The paper is organised as follows: Sec. II summarises the original presentation of the sensor method and motivates the development of an alternative formulation. Sec. III presents the approach to derive the steady state system and photon correlations at zero-time delay. Sec. IV explains the derivation of time-dependent correlation functions for finite detection delays, Sec. V illustrates the agreement between our approach and the original sensor method for a bio-inspired vibronic dimer model, and Sec. VI concludes.

## Ii Motivation

As proposed in del Valle et al. (2012), the sensor method for calculating the photon correlation function involves simulating the dynamics of a quantum emitter with Hamiltonian , weakly coupled to sensors represented by two-level systems, labelled with , and ground and excited states and , respectively. Each sensor has an associated Hamiltonian with annihilation operator and transition frequency set to match the emission frequency to be measured. The interaction Hamiltonian between the quantum emitter and the th sensor is given by , with the coupling strength being small enough to neglect back action. For generality, we have considered that the emission operators coupled to each sensor can be different. This is the case whenever local resolution is achievable in a multipartite quantum emitter or when emitting transitions can be distinguished via fluorescence polarization detection as it happens, for instance, in single light-harvesting complexes Tubasum et al. (2011). In such a scenario, the frequency filters illustrated in the envisioned experimental setup (see Fig. 1(a)) will also be polarizing filters.

Considering Markovian relaxation channels for both the emitter and the sensors, the joint emitter-sensors density matrix satisfies the master equation , with the Liouvillian conveniently split as ()

 L(^ρ)=L0(^ρ)+M∑m=1(Lm(^ρ)−i[He,m,^ρ]), (2)

with

 L0(^ρ) Extra open brace or missing close brace (3) Lm(^ρ) =−i[Hm,^ρ]+12ΓmLςm(^ρ). (4)

The superoperators on the right hand side of Eq. (3) have the Lindblad form i.e. for a system jump operator and a relaxation process at rate . Same holds for in Eq. (4) describing the decay of the th sensor with jump operator at a rate . In the limit of satisfying with the smallest transition rate within the emitter dynamics, and sensor populations satisfying , intensity-intensity correlations of the form are directly related to the th order photon correlation functions del Valle et al. (2012, 2016):

 g(M)Γ1...ΓM(ω1,T1;...;ωM,TM)=limϵ1,...,ϵM→0⟨:n1(T1)...nM(TM):⟩⟨n1(T1)⟩...⟨nM(TM)⟩ (5)
 ⟨:n1(T1)...nM(TM):⟩=ϵ21...ϵ2MΓ1...ΓM(2π)MS(M)Γ1...ΓM(ω1,T1;...;ωM,TM) (6)

with Vogel and Welsch (2006)

 S(M)Γ1...ΓM(ω1,⋯,ωM;T1,⋯,TM)==∫∞−∞dt′1∫∞−∞dt′M+1F∗1(T1−t′1)F1(T1−t′M+1)...∫∞−∞dt′M∫∞−∞dt′2MF∗M(TM−t′M)FM(TM−t′2M)⟨T−[a(+)1(t′1)...a(+)M(t′M)]T+[a(−)1(t′M+1)...a(−)M(t′2M)]⟩. (7)

The filter functions correspond to a Cauchy–Lorentz distribution i.e. with the Heaviside function, and can be realised, for instance, via a Fabry-Perot interferometer when the reflection coefficient tends to unity Eberly and Wódkiewicz (1977). The experimental setup we envision is sketched in Fig. 1(a) and the theoretical calculation of frequency-filtered photon correlations through the sensor method is illustrated in Fig. 1(b).

The original presentation of Eq. (5) in del Valle et al. (2012) omitted the normal order. Without the normal order this function yields unphysical results for a finite delay time. In an Erratum del Valle et al. (2016) the authors clarified that normal order is implied through the proof of Eq. (5), though it turns out to be unnecessary for zero time delay. Since Eq. (5) is the departing point of our work, we have carried out a consistency check of its proof as discussed in Appendix VII.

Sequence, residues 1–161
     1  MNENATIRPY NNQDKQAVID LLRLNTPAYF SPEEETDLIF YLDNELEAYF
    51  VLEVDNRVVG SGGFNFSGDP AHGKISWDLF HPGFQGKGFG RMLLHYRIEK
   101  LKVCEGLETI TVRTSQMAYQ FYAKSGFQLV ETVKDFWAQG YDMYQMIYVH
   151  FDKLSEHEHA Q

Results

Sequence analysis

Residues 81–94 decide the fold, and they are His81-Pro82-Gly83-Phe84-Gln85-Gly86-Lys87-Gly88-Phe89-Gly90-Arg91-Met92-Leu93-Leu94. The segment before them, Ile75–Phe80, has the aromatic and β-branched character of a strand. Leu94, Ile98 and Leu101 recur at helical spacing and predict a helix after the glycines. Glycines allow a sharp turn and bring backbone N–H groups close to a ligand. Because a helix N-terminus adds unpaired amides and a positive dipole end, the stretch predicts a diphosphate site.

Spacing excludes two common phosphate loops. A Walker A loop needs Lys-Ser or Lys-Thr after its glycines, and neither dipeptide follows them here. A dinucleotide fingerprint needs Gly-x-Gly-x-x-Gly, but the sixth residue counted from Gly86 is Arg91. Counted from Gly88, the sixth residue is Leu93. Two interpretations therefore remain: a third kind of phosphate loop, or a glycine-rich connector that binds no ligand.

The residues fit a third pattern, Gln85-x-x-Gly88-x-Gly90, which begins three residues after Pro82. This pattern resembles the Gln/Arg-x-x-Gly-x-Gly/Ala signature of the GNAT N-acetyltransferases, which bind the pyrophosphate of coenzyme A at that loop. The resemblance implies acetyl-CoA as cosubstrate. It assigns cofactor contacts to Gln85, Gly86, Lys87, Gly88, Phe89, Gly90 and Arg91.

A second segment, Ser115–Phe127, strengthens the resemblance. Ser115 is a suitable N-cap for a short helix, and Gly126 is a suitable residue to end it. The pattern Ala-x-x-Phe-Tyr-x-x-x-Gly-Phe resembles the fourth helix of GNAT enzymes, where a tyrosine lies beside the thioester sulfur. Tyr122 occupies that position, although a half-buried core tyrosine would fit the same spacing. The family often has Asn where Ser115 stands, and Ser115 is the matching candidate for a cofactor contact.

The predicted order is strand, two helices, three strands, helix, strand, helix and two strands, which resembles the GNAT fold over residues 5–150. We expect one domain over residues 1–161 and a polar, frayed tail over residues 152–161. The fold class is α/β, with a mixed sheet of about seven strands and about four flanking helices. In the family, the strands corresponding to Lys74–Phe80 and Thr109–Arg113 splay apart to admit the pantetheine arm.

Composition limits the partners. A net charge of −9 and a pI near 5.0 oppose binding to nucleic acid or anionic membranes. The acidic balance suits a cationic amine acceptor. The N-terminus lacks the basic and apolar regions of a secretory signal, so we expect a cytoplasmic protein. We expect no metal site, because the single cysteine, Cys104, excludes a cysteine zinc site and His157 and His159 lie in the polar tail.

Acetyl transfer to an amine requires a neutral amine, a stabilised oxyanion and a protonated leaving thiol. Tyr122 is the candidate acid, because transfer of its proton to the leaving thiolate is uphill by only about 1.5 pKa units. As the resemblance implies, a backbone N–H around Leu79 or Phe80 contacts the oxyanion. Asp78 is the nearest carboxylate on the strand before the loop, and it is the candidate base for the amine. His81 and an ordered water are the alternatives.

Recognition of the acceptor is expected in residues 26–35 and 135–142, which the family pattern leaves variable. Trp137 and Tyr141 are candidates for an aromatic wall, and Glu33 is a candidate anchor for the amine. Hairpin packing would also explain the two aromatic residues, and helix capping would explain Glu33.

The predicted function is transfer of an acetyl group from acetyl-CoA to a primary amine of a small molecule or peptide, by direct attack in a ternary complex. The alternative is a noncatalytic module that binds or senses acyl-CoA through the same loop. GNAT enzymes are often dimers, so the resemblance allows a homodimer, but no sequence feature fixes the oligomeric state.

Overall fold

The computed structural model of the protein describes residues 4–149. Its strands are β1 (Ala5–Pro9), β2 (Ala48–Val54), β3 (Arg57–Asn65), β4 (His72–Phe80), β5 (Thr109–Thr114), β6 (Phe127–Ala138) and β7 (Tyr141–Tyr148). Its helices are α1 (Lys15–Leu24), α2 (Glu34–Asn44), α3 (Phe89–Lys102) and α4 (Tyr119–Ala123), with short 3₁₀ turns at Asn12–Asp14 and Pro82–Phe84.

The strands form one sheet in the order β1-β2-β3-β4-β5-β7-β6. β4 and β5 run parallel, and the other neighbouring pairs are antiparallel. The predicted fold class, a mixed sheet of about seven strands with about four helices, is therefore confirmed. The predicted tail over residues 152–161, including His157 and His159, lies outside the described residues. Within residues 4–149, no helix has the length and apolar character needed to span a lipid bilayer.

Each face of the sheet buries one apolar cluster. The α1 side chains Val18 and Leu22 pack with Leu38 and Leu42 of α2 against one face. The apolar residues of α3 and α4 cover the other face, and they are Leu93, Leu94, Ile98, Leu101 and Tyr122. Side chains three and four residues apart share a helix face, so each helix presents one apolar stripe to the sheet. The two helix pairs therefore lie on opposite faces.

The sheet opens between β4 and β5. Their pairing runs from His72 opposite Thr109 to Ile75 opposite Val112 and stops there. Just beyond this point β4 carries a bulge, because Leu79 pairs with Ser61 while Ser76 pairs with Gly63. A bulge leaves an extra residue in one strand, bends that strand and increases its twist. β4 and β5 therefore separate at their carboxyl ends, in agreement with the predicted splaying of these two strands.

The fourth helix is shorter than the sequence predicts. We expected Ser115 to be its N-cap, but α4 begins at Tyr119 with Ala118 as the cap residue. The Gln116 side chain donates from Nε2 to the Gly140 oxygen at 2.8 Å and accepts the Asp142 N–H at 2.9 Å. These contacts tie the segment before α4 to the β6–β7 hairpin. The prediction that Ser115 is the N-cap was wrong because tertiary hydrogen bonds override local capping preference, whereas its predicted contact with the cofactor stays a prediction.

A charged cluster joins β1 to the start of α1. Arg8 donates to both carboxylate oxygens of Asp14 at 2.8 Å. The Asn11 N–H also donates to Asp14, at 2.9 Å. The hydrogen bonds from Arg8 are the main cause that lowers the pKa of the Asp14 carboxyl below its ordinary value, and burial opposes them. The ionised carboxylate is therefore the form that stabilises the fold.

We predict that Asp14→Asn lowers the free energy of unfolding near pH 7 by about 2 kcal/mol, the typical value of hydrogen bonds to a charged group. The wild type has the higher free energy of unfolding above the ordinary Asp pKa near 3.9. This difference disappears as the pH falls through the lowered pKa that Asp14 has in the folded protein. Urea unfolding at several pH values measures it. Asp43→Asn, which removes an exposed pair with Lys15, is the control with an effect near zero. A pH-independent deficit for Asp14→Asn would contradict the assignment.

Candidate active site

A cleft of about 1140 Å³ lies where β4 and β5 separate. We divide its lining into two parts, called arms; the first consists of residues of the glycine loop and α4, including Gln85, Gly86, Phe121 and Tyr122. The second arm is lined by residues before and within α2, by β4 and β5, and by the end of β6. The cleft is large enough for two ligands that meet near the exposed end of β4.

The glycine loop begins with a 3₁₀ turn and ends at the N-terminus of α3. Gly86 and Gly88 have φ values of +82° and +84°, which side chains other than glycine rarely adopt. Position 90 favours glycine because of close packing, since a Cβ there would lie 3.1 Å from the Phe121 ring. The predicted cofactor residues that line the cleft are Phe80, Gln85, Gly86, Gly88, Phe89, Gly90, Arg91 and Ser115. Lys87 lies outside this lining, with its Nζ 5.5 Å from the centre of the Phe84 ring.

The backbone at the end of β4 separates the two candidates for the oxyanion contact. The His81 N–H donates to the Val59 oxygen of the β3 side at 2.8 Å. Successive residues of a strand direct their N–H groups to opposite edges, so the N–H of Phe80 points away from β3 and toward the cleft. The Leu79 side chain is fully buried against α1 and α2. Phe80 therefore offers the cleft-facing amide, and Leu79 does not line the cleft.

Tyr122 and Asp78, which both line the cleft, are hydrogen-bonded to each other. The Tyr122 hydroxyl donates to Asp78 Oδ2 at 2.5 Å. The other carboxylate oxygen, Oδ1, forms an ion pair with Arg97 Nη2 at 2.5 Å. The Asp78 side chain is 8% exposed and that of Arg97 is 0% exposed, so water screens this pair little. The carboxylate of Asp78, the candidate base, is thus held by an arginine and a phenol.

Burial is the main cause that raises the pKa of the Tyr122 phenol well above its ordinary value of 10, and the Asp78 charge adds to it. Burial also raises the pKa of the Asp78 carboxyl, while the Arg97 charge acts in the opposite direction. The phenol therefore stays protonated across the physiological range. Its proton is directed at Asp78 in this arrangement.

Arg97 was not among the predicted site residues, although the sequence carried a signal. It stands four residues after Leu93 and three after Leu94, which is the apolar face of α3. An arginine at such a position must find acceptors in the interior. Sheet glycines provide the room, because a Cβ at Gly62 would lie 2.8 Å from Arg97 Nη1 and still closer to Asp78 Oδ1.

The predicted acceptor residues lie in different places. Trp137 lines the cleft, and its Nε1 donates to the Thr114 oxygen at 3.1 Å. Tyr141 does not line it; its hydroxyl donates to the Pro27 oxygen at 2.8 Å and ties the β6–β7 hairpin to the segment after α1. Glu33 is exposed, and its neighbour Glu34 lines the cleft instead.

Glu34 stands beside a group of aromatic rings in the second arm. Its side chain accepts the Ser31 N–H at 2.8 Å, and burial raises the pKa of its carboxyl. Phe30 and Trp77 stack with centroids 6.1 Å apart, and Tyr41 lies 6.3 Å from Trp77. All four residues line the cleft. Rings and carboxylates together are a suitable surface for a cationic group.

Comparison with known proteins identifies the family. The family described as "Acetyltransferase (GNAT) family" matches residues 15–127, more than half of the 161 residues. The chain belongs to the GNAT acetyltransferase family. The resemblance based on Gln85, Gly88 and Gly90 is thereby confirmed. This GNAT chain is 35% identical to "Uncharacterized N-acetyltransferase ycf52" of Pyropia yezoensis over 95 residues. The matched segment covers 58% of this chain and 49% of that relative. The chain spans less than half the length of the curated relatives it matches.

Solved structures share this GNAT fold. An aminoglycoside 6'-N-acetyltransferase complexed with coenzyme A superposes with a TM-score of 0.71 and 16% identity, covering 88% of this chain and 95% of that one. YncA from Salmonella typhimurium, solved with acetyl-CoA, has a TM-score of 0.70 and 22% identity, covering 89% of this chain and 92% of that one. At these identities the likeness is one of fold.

The method as proposed in del Valle et al. (2012) is conceptually clear yet, in practice, its computation involves tackling some numerical challenges. Assuming that all the sensor couplings are identical, , the numerical calculations of photon correlations rely on the choice of a system-sensor coupling that is numerically small, but not so small that adding or subtracting terms of order to or from terms of order causes problems within double precision arithmetic. The procedure then involves checking convergence and stability of the numerical results for different values of . Most importantly, computation of photon correlations at zero-time delay requires to numerically finding the zero eigenvalue of the Liouvillian superoperator associated to the joint emitter system plus sensors. This means that computing when , involves calculating the eigenvector with a zero eigenvalue of a matrix times larger than that of the quantum emitter alone Gonzalez-Tudela et al. (2013). Similarly, for time-resolved correlations, the calculation involves time propagation in the joint state space of the system and sensors. Evidently, as the dimensionality of the system is larger these numerical challenges become more demanding.

We were therefore motivated to find an approach that would allow us to avoid the issues above mentioned. In what follows we show that by expanding algebraically in one can propose an approach that eliminates the explicit numerical dependance on while at the same time reducing the dimensionality of the Hilbert space needed for computation.

## Iii Frequency-filtered spectrum and photon correlations at zero delay time

### iii.1 M=1: power spectrum

We begin by demonstrating the basics of our derivation by considering the emitter system coupled to only one sensor. Let us denote the steady state of the joint emitter-plus-sensor system. From Eq. (6) we can calculate the power spectrum as:

 S(1)Γ1(ω1)=Γ12πϵ2⟨n1⟩=Γ12πϵ2Tr[n1^ρss]. (8)

Considering the identity operator in the sensor Hilbert space i.e. , we can write the full steady state as

 ^ρss=1s1^ρss1s1=∑j1,j′1=0,1^ρj′1j1,⊗|j1⟩⟨j′1|, (9)

where the matrices are therefore only related to the degrees of freedom of the quantum emitter. Hermitian conjugates are obtained by swapping the upper and lower indices. Notice that each matrix is thus of order . With this definition the power spectrum given in Eq. (8) becomes

 S(1)Γ1(ω1)=Γ12πϵ2Tr[^ρ11] (10)

To find the steady state, and in particular the matrix , we solve for the combined quantum emitter plus sensor system . We consider the action of the Liouvillian given in Eq. (2) () on every term in Eq. (9):